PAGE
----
Youths helping birds, animals quench thirst in valley

Kathmandu, February 8

Under the scorching sun during summer and dry winter, many birds and animals in the cities desperately look for water sources to quench their thirst, but they get none. To address the water woes of these birds and animals, some animal right activists and youths have taken initiative to manage water pots at more than 200 spots in Kathmandu valley.

Jal, a city-based animal welfare environmental project, has in the past nine months installed water pots on the utility poles in Maharajgunj, Lainchaur, Sanepa, Lagankhel, Kumari Pati and Bhatbheteni area. These water pots provide drinking water to stray animals (especially dogs) and urban birds.

According to Pema Chhewang Sherpa of the Everest Awakening, Jal has installed several water pots in Kathmandu ensuring that these voiceless animals don’t get dehydrated.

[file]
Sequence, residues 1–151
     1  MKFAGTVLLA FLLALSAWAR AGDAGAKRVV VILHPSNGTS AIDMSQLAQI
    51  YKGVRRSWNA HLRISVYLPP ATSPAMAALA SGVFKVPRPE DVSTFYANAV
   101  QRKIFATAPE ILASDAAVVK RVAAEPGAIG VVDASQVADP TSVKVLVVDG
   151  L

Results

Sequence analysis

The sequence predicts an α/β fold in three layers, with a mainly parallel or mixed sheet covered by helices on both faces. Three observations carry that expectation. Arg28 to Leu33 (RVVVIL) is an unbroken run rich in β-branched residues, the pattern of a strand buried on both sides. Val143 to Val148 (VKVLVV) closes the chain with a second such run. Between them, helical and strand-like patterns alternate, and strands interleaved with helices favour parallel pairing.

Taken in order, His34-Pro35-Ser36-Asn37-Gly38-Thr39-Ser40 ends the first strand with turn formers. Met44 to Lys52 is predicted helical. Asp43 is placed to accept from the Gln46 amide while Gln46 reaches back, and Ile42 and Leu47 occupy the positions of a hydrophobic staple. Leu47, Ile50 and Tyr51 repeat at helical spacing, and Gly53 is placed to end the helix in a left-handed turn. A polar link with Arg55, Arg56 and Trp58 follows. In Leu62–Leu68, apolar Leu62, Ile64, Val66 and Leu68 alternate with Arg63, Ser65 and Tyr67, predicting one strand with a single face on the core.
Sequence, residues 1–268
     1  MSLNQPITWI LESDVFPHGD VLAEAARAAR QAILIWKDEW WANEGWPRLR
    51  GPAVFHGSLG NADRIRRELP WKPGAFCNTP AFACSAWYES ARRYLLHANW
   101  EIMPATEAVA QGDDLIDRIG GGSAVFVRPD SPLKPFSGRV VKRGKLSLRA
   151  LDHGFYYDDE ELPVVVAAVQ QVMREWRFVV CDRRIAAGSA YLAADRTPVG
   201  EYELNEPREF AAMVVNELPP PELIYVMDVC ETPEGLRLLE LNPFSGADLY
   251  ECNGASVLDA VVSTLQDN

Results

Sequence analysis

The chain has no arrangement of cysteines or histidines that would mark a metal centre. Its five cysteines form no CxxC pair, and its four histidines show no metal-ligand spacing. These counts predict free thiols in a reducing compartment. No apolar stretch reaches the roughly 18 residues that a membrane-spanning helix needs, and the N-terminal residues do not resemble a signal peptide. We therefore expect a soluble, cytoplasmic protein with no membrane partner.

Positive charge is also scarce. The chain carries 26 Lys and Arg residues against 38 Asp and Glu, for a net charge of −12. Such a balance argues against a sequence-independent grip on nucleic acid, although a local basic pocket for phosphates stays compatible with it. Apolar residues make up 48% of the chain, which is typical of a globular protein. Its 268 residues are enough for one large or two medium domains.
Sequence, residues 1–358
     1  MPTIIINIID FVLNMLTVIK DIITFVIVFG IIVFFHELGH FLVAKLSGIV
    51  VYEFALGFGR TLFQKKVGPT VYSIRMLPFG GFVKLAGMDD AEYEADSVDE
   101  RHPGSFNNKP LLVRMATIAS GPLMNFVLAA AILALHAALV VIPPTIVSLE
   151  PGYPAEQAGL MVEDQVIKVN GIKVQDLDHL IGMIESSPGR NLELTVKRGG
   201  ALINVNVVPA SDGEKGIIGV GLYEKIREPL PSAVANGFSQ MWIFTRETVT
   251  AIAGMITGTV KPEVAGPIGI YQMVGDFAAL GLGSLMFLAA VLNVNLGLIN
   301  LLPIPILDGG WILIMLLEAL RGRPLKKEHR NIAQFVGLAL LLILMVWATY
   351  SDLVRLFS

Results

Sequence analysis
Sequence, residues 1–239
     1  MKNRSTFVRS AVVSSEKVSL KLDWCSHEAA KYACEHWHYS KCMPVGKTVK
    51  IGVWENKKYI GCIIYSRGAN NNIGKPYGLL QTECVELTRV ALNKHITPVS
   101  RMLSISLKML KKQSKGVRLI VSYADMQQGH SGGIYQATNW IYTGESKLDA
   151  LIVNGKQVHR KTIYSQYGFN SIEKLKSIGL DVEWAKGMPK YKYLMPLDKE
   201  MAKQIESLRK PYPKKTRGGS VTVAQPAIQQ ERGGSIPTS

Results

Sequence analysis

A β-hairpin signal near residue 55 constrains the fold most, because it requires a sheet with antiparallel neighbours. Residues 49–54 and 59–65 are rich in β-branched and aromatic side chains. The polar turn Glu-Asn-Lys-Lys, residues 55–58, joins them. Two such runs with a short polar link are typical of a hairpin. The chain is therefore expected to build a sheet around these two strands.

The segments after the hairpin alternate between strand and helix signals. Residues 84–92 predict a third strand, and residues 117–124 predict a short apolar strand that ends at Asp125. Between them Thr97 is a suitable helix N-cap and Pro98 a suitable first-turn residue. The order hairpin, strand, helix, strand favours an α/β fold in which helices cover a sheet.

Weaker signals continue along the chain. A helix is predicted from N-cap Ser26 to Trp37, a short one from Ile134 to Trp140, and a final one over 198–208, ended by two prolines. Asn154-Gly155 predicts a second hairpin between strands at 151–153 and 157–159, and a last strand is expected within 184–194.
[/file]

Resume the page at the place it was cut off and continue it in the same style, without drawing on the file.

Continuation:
The initiative has ensured that several stray animals roaming in the vicinity in search for water, come and quench their thirst.

“As they are thirsty, hundreds of stray animals die due to the scorching heat and lack of access to clean drinking water,” Sherpa, who along with Jesse Paris Smith from Everest Awakening supported the project, said.

“Our project provides drinking water for stray animals like dogs, cats, cows etc at various nooks and corners across the city,” she added.

Kathmandu-based artist Samir Hamal, who is coordinating the Jal project, shared that the unique water pots help all street animals and birds to quench their thirst.

Sherpa and Hamal requested the Kathmandu residents to come forward and help the street animals. “Reduce, reuse, and recycle the plastic bottles has been a national mantra for decades,” they said, adding, “It would be a noble effort to raise the collective carbon footprint awareness.”

The project also focused on creating a sustainable recycling system and working with locals to aware them about the impact of global climate crisis, Sherpa shared.